year and we talk about how they might incorporate some of these aspects that students are generally
very curious about interested in, but may sometimes falsely think that that's only in
the realm of environmental studies, so faculty in the English Department and Math and Political
Science, Construction Academy, Horticulture, Political Science, all these different arenas,
are able to discuss sustainability from either how it is associated with their discipline
or especially in the classes that are really skills based it provides them with another
option for content. We found this to be very successful & about 20 faculty have gone through
the program and we're working on more.
We work on campus trying to improve the sustainability of the campus itself.
We've been instrumental in the purchase of a 235 kilowatt solar array
on West Campus. We work with facilities on a variety of different programs to reduce
waste. We've improved the recycling program, we've been part of a pilot program to compost
food scraps. We are constantly working on decreasing single occupancy vehicles coming
to campus with our Transportation Demand Management Plan. In other words, trying to create a system
where the college is more efficient, more environmentally friendly, and at the same
time, the method of doing all that, is that we try to expose students to this process.
It's not easy. This kind of work, it's not something that, you just snap your fingers
and there's a change institution wide. You have to get in there, you have to talk to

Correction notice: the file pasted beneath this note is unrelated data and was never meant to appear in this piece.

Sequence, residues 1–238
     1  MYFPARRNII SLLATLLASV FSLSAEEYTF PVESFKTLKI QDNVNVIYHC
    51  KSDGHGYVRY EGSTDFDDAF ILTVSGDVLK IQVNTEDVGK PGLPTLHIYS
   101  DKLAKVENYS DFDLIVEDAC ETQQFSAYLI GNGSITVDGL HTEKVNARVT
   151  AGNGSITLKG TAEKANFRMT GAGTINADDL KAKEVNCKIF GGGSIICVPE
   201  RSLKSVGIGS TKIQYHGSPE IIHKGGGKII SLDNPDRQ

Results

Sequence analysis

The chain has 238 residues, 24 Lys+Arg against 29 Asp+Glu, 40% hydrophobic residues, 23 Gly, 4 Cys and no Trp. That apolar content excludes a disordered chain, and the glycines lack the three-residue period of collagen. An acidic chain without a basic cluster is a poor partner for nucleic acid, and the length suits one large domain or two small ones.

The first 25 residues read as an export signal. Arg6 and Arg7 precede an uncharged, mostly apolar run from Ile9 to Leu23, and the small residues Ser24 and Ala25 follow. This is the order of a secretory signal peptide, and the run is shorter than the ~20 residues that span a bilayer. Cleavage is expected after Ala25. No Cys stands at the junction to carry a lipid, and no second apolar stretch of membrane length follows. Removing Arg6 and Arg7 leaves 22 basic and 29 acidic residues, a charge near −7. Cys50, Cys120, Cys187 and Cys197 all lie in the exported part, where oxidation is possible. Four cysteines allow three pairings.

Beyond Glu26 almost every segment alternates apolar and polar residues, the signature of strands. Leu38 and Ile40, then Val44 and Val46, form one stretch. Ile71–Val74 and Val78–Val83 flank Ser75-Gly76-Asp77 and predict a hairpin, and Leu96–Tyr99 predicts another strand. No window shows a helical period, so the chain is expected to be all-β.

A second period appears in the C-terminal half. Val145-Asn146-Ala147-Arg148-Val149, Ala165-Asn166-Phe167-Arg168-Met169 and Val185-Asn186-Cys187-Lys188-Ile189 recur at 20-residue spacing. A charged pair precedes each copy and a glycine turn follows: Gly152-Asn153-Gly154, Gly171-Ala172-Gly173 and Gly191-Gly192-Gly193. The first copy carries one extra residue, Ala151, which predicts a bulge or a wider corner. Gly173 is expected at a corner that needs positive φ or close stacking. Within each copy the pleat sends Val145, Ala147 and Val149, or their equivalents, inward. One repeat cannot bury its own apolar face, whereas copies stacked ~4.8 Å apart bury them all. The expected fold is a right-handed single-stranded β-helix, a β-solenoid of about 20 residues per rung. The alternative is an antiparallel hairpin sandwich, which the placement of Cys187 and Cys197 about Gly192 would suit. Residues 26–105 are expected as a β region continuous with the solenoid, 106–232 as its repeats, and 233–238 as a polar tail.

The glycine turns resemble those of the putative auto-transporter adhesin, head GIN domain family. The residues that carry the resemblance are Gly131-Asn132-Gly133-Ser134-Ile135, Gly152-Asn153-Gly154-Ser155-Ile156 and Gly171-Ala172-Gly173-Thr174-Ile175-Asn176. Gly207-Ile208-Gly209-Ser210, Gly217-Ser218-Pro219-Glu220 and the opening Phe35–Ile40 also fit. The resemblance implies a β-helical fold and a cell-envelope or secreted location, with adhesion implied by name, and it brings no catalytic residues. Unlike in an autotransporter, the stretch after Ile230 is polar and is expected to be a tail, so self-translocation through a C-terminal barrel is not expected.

staff, you have to make meetings, you have to deal with bureaucracies, you have to deal
with economic political and social environmental challenges. And you have to come up with solutions
that make sense on all of those realms. And it's probably one of the best learning experiences
a student can have is going through that struggle. If we just present it to you in a book, if
we just lectured to you about how it could be done or should be done, all you've done
is learn one perspective. You've got to learn it for yourself. And that's one of the great
benefits of a community college, and one like Santa Barbara City College, is that we are
truly connected to the community. We actually create opportunities for students who are
passionate about this to really learn how to do it themselves. One of the things we
do to encourage is that our community programs where we actually bring in well known speakers,
people who are doing this type of work on a national or international scale. They give
talks they run workshops, students have that opportunity to interact with them, then we
try to put together programs where students are able to put that new knowledge to work
and to use. It also connects students with this community of Santa Barbara, which is
so rich, with non government organizations and non profit organizations that are working
in a variety of areas, with businesses that are trying to find new ways and new solutions,
with municipalities that are all going through the same process of trying to decrease their